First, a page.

No Kurosawa production was as troubled or as difficult as Kagemusha (though Dersu Uzala presented more logistical problems). For many years, it did not even appear that it was going to get made; even after funding was in place the film was beset by a number of misfortunes.
After the economic failure of Dodes’Kaden, Kurosawa had made Dersu Uzala in Siberia with Soviet funding. Although the latter film had solid box office numbers from around the world, it had performed poorly in Japan, making it almost impossible to attract funding from any Japanese studio. It was only after two self-proclaimed followers of Kurosawa, Frances Ford Coppola and George Lucas, managed to persuade Twentieth Century Fox (which was indebted to Lucas because of the success of Star Wars) to provide some funds. The foreign funding shamed Toho into contributing the rest of the funds.
But numerous problems awaited the project. The film had originally been conceived as something of a comedy in the spirit of Yojimbo and Sanjuro, and had been written with Shintarô Katsu, a talented comic actor (his extremely long-running film series playing Zatôichi, the Blind Swordsman is one of the most successful in Japanese film history), in mind. On paper, it was a marriage made in heaven. Katsu gave Kurosawa a talented box office draw who would bring a subtle comic dimension to his film, while Katsu would play a far more serious role than any he had undertaken.
Unfortunately, Katsu alienated Kurosawa on the first day of filming when he tried to videotape his own performances. After Kurosawa demanded that he stop, Katsu stormed off the set. Fearing that Katsu’s antics did not bode well for the future, Kurosawa fired him immediately.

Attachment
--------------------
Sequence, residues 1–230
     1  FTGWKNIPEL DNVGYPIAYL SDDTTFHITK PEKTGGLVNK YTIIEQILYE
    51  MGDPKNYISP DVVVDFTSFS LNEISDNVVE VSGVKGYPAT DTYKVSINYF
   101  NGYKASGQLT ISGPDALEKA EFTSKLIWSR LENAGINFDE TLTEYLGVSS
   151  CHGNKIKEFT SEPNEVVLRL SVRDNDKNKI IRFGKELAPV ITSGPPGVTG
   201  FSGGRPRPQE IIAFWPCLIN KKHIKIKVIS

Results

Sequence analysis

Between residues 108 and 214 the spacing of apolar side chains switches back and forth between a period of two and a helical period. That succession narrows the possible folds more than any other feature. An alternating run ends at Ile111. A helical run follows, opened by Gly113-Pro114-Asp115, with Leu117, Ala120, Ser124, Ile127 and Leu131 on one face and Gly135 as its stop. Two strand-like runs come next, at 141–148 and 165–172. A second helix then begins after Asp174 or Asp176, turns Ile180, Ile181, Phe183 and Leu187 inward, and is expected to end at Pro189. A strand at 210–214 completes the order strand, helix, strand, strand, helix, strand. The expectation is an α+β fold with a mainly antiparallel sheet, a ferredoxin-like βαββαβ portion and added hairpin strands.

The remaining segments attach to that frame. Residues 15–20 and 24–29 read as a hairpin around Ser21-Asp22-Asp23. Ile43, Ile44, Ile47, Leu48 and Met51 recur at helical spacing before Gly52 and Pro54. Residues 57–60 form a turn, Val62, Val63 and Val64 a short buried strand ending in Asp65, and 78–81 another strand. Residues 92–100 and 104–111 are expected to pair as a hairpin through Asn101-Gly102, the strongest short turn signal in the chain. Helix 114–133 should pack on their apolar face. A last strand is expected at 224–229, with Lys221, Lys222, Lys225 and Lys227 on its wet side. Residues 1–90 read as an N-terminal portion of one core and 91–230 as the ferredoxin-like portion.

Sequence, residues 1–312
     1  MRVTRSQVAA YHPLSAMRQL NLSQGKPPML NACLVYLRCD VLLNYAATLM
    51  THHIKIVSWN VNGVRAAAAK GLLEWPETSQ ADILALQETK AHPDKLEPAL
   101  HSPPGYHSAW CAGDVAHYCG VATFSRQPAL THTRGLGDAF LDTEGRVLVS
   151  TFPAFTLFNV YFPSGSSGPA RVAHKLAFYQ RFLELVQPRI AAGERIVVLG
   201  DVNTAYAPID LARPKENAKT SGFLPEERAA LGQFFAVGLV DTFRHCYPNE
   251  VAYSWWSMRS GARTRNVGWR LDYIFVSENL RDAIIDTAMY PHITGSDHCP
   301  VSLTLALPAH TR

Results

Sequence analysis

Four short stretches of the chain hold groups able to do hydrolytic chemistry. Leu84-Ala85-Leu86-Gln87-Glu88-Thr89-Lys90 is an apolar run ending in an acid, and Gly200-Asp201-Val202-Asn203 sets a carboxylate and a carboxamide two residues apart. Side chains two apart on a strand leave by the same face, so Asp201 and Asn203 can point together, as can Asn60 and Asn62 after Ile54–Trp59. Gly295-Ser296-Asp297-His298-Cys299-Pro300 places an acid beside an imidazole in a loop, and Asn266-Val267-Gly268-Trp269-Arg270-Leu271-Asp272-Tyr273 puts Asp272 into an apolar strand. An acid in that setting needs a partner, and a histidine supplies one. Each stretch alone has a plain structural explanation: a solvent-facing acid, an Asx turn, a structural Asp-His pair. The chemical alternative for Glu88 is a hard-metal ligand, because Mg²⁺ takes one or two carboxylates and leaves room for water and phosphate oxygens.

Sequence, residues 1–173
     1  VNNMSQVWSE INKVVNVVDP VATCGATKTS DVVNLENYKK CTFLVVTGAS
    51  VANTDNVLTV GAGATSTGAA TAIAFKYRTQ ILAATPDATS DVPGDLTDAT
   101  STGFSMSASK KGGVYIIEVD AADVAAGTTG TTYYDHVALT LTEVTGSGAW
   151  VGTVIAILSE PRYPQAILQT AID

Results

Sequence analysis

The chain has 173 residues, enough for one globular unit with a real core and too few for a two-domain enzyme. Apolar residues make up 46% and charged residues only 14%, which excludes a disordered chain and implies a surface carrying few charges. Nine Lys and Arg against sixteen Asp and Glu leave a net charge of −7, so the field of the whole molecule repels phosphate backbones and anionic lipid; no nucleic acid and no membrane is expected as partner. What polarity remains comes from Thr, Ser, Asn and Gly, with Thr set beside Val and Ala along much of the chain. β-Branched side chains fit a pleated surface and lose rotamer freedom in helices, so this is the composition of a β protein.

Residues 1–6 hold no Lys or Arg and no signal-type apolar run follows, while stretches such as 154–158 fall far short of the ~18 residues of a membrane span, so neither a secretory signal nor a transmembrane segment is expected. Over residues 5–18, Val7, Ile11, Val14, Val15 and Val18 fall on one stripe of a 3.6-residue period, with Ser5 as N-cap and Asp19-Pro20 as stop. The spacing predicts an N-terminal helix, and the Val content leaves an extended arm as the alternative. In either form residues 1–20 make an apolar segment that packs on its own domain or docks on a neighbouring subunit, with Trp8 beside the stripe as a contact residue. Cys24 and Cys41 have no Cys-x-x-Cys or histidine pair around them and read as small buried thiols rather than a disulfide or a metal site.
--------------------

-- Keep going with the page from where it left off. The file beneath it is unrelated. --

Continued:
There was one actor who could easily have stepped into the role and excelled in it: Toshiro Mifune. But while Mifune had gotten over his spat with Kurosawa after Red Beard, Kurosawa remained implacable. Unwilling to mend his relationship with Mifune, Kurosawa instead turned to an actor he knew well, stage actor Tatsuya Nakadai, who had previously played villains in Yojimbo and Sanjuro as well as the police detective in High and Low. He was in fact a great actor, both on stage and in films such as Kobayashi’s epic The Human Condition and Harakiri. But he was all wrong for Kagemusha, tending to overact and failing to communicate the emotional depth needed. Unfortunately, casting in the lead role was not the end of the film’s problems.
Two other major losses included Masaru Satô, who had been in charge of the music for his films since the death of Fumio Hayasaka in 1955, and the man who is the greatest of all Japanese cinematographers, Kazuo Miyagawa. Kurosawa and Satô disagreed passionately about the direction the music in the film should take, and Satô pulled out of the project, resulting in the weakest soundtrack of any Kurosawa film. Miyagawa had worked with Kurosawa only twice before (he was most closely associated with Mizoguchi, in films like Ugetsu and Bansho the Baliff). He helped put the Japanese on the world stage through his extraordinary cinematography on Rashomon, which was one of Kurosawa’s final single-camera films. He then provided some of the finest camerawork in any Kurosawa film in Yojimbo. But his diabetes was affecting his eyesight and he had to quit. Kurosawa regular Takao Saitô took over the “A” camera (he had been scheduled, as he had been at times in the past, to man the “B” camera), but it was yet another loss on the film.